“December 23rd”: Christmas disappointment


I really wanted to like this movie. All the ingredients for the cake to rise were there. The title, a nod to my favorite Beau Dommage song. The screenwriter, the nice India Desjardins. Actors I adore, from Guylaine Tremblay to Michel Barrette via Christine Beaulieu and Stéphane Rousseau.

Unfortunately, in the end December 23rd is nothing but a marshmallow film, imbued with good feelings, built on a predictable scenario.

What a shame. It’s like, on Christmas Eve, I unwrap a large present to finally find a simple Hallmark card…

Hello cliché

This film is full of clichés: the single girl who dresses crookedly in baggy clothing throughout the film, but is noticed by the man she secretly loves the moment he puts on a nice dress and puts on some makeup.

The mother of a family who cooks for 15 when she only receives three people. The monocled father-in-law who is nostalgic for the good old days and who is tied to traditions. The businessman who speaks loudly on the phone when he does business internationally. The two lesbians who instead of having children have a pet in joint custody.

Don’t throw anymore, the yard is full. We’ve already seen it 15,000 times.

During the film’s (very) intense promotional campaign, we often heard the artisans repeat: “Finally a Quebec Christmas film!”. But why did we absolutely have to equip our cinematography with a gnangnan genre film?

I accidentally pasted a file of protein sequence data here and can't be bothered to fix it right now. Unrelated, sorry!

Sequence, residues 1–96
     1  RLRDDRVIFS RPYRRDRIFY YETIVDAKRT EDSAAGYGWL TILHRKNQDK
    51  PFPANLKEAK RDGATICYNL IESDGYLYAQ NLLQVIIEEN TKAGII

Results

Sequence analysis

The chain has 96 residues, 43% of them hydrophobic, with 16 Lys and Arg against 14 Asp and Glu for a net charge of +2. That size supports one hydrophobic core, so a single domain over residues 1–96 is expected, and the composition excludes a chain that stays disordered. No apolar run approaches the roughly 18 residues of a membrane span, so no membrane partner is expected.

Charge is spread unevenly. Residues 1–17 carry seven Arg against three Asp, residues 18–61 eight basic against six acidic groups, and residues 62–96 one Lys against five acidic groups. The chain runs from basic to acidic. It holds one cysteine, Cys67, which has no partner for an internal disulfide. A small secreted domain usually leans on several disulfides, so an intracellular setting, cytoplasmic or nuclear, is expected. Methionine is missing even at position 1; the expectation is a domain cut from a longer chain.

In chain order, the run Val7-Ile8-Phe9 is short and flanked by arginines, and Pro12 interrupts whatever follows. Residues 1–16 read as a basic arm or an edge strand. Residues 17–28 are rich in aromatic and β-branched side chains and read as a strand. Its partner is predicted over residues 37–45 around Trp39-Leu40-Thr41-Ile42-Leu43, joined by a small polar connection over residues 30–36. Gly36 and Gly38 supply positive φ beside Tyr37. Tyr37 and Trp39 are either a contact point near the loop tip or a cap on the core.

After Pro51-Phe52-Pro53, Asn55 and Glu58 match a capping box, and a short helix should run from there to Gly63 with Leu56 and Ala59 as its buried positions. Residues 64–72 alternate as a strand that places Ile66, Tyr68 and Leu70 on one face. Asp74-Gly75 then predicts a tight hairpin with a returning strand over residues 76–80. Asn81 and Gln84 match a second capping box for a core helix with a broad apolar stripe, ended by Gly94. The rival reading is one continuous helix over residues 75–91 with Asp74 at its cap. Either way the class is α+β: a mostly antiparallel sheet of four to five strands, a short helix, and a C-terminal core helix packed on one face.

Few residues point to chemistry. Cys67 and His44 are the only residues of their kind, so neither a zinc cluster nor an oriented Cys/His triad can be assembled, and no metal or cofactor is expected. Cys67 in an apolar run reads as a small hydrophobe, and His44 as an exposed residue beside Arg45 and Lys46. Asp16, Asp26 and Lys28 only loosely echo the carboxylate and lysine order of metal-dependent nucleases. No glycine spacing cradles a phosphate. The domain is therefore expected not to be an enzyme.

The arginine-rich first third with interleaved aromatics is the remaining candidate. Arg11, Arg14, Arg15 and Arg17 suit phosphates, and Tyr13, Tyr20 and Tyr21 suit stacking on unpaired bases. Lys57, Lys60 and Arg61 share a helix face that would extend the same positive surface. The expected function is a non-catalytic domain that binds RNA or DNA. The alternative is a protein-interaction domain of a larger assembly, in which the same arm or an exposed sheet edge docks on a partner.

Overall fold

December 23rd it prides itself on being a comedy. But I only laughed once, during a heartfelt tirade by Guylaine Tremblay against the new generation’s food whims.

The script of the film is anemic. Why didn’t the licensing agencies and producers ask India Desjardins to rework her script to put a little more meat on the (turkey) bone?

I have film friends who have been asked to re-submit their scripts over and over again. We have been lazier with December 23rd why did we think that with Guylaine Tremblay and Michel Barrette on the bill, the audience would still rush to the theater?

The film is very open to diversity (a lesbian couple, two interracial couples, an immigrant family). It ticks all the right boxes. But it’s also very moralizing…

The most embarrassing scene in the film takes place in an ambulance. The ugly one-eyed reactionary hesitates to be treated by a veiled woman.

Misery! Is this really the Quebec image you want to give us at Christmas?

A necessary reflection

At some point, we will have to seriously question the weakness of some Quebec scenarios. How much I loved drunk birds, confessions, The cheaters (to name just a few recent films), just as I regularly fall asleep watching press in front of Quebec films with sloppy stories, predictable plot twists, or characters lacking psychological depth.

We cannot, on the one hand, deplore the end of the Gala Québec Cinéma and, on the other hand, give the green light to films that do not fly high.

We can and must be much more demanding with our cinema.


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